FORT LORAMIE — The “Sweetheart Blood Drive” Tuesday, Feb. 16, at St. Michael’s Hall arrived with the fields around Fort Loramie still frosted by the St. Valentine’s Day snowfall. The three community blood drives at St. Michael Parish are always the busiest of the year in Shelby County, and the crowd Tuesday was encouraged by warm thoughts of Valentines and early signs of spring.
“It’s been consistently busy all day,” said Blood Drive Coordinator Jane Poeppelman. “They’ve done a better job honoring appointments, and we’ve expanded our horizons – we have both chicken AND ham salad sandwiches! Plus, we have yogurt donated by Dannon this year instead of Jell-O!”
The Donor Café was also bright with heart-shaped St. Valentine cookies and treats and busy with volunteers from the Fort Loramie Community Service Club and the American Legion Auxiliary. Dannon is a new sponsor this year, and support from the Knights of St. John also helps fund refreshments.
Perhaps it was the new horizon of chicken salad and yogurt, but Tuesday’s blood drive was busier than last year by an additional 28 donors. The blood drive had 317 whole blood registrations and 290 donations for 115 percent of the collection goal, plus nine platelet donations.
Volunteer Mary Wendeln was one of the six first-time donors. “Jan called me and I came to help,” she said. “I always think about donating, but end up forgetting about it. I thought, I’m here, I’ll try it.”
The coming of spring sunshine was on the minds of the regular platelet and plasma donors at St. Michael’s. Shelby County Commission Chairman Bob Guillozet made his 186th lifetime donation after coming from the Tuesday commission meeting, where they talked about a grant that would add solar panels to the county recycling center.
Bob Schwartz wore a Cincinnati Reds ball cap as he made his 53rd lifetime donation. He got four tickets to Reds games as a Christmas present and can’t wait to start using them. “That’s why I wore it,” he said with a smile. “Pitchers and catchers report Thursday.”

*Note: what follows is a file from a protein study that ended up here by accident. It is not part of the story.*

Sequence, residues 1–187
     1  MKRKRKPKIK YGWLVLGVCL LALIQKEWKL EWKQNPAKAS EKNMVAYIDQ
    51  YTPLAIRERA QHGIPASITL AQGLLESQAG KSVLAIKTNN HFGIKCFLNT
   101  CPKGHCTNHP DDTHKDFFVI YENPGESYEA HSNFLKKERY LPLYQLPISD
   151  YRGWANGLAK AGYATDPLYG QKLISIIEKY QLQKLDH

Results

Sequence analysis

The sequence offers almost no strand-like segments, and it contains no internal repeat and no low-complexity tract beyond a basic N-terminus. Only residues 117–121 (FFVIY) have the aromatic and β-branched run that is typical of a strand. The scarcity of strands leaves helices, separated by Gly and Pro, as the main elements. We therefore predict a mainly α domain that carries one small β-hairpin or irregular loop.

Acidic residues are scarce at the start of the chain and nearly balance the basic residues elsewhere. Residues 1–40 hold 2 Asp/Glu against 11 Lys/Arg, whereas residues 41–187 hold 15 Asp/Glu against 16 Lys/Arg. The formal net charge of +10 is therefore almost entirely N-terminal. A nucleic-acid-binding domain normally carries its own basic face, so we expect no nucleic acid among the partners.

Kevin Pleiman of Fort Loramie was one of 14 people who made double-red blood cells donations Tuesday, bringing his lifetime donation count to 66. He also had baseball on his mind. “Both my boys play baseball, the oldest is a freshman at Fort Loramie,” he said. “They’ve been working indoors and next Monday is the first day of baseball practice in Ohio.”
Logan Gigander, a junior at FLHS, came to St. Michael’s after school to make his milestone fifth lifetime donation. “It’s a good thing to do and I like doing it,” he said.
After-school donors included a group from Houston: Ryan Swob and Bryce Norris made their fourth donations; Carlie Bergman and Meagan Hasselbeck made their third; sisters Haeley and Audrey Kittel came for their second donation.
New Bremen donor Harold Long came after work to make his 92nd lifetime donation. His history as a blood donor is parallel to his 35 years with Crown Equipment. “I was in a welding class at JVS in Piqua (now the Upper Valley Career Center). It was my senior year and that was my first donation. I graduated in 1980 and my instructor, Jim Westfall called and said get over to Crown because they were hiring. I started the next day and have been there ever since.”
The sparks are still flying as well for Rose and Leroy Meyer of Fort Loramie, who donated together at the Sweetheart Blood Drive. For Leroy, it was his milestone 70th lifetime donation, but Rose is the top donor in the family with 93.
They both had Coban bandages on their arms from donating as they sat in the Donor Café, but it was Rose who wore a Fitbit activity tracking watch on her wrist. The agreed whole heartedly that staying healthy is a key to maintaining a long history as a blood donor.
“My fit helps me get my 10,000 steps a day,” she said. She took another bite of her apple and said, “And no cookies.” Leroy reached for another pink Valentine heart-shaped cookie and said, “But I can eat them!”
Learn more at www.GivingBlood.org
This article was submitted by The Community Blood Center